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Q17. Why is vaping harmful to our children?

  • The increased nicotine exposure facilitated by the JUUL device has serious health consequences. The ease of use and “smoothness” strip away external inhibitors and enable extreme levels of unfettered use. Using the JUUL’s own calculations, consuming two JUULpods in a day is the equivalent of consuming two to four packs of cigarettes a day. In this way, JUUL has not only created a new generation of e-cigarette smokers but has also pioneered a new style of smoking – vaping – that is more nicotine-saturated than ever before.
  • Increased rates and duration of smoking lead to greater overall exposure to nicotine. Nicotine is a neurotoxin. A highly addictive, psychoactive substance that targets brain areas involved in emotional and cognitive processing, nicotine poses a particularly potent threat to the adolescent brain as it can “derange the normal course of brain maturation and have lasting consequences for cognitive ability, mental health, and even personality.” Studies also show that exposure to nicotine as a teen – even minimal exposure – biologically primes the brain for addiction and greatly increases likelihood of dependence on nicotine as well as other substances later in life.
  • According to congressional testimony from Dr. Jonathan Winickoff, a professor of pediatrics at Harvard Medical School and the Director of Pediatric Research in the Tobacco Research and Treatment Center: “Nicotine addiction can take hold in only a few days, especially in the developing adolescent brain that is particularly vulnerable to addiction to nicotine. . . Many of my patients find Juul nearly impossible to stop. Nicotine withdrawal can cause headaches, insomnia, irritability, anxiety, and depression, and these withdrawal symptoms are one of the primary reasons a nicotine addiction is difficult to overcome.” Moreover, there is a lack of effective tools to help adolescents overcome nicotine addiction. There is no good data on how to treat adolescents with e-cigarette dependence. There has not been enough research on youth tobacco cessation strategies. And most of the pharmacological therapies approved for adults have been shown to be ineffective or only marginally effective in adolescents.
  • Research in Massachusetts indicates that daily JUUL and other e-cigarette use is much more likely to continue than daily cigarette smoking. On the one hand, out of the surveyed students who reported ever using cigarettes, only 17% indicated that they remained daily smokers. On the other hand, out of the surveyed students who reported ever using e-cigarettes daily, 58% remained daily users. This data demonstrates both that e-cigarette use in teens is very persistent, a result consistent with the addictiveness of JUUL and the difficulty teens have in trying to quit.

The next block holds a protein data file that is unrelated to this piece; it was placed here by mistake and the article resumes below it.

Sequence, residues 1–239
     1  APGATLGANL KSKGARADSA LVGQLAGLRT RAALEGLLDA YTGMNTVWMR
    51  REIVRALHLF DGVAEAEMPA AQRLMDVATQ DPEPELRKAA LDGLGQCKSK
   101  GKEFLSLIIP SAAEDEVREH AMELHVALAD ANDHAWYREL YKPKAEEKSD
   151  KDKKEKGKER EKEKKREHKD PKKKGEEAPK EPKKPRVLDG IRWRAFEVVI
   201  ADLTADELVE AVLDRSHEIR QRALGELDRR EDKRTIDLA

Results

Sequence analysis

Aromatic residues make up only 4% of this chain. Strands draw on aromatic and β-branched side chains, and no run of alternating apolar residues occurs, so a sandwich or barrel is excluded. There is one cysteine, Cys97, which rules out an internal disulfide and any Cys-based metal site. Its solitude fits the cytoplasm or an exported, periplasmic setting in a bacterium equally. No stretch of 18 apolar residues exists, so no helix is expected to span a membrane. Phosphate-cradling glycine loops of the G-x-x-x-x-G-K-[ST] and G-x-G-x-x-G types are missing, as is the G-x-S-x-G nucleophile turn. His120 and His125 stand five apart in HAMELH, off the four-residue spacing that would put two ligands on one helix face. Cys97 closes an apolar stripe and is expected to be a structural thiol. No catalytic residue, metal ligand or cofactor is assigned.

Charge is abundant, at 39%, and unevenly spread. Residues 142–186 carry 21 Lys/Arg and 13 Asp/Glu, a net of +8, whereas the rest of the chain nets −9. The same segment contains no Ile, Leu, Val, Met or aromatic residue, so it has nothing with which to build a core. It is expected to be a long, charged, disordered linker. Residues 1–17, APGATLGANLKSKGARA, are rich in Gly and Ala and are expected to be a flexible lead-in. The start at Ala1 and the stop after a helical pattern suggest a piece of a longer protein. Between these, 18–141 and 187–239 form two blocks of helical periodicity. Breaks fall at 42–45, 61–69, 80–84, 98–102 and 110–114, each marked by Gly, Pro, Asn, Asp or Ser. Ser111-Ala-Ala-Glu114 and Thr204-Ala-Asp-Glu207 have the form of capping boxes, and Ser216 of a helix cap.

• E-cigarette use also puts adolescents at increased risk for cigarette smoking. Compared to adolescents who do not use e-cigarettes, those who do are three and one-half times more likely to begin smoking cigarettes.
  • The dangerous and destructive nature of nicotine is no recent discovery. Since nicotine is a key ingredient in tobacco products, the drug and its deleterious effects have been the subject of scientific research and public health warnings for decades. Nicotine causes cardiovascular, reproductive, and immunosuppressive problems with devastating effects. Part of the reason the national decline in cigarette use in recent years was such a victory for public health was because there was a corresponding decline in teen exposure to nicotine. From 2000 to 2017, the smoking rate among high school students fell by 73%.
  • That trend has completely reversed. In 2018, more than one in four high school students in the United States reported using a tobacco product in the past thirty days, a dramatic increase from just one year before. But there was no increase in the use of cigarettes, cigars, or hookahs during that same time period. There was only increased use in a single tobacco product – e-cigarettes. While use of all other tobacco products continued to decrease as it had been for decades, e-cigarette use increased 78% in just one year. This drastic reversal caused the CDC to describe youth vaping an “epidemic.”
  • The teen vaping epidemic of which JUUL is the architect has and will continue to have significant costs, both for individual users and society. Nicotine addiction alone has significant health care costs, and these costs are exacerbated when adolescents are involved. Adolescent nicotine addiction leads to memory and attention problems, and increase chances of addiction later in life, all of which will continue to have long-lasting impacts on society.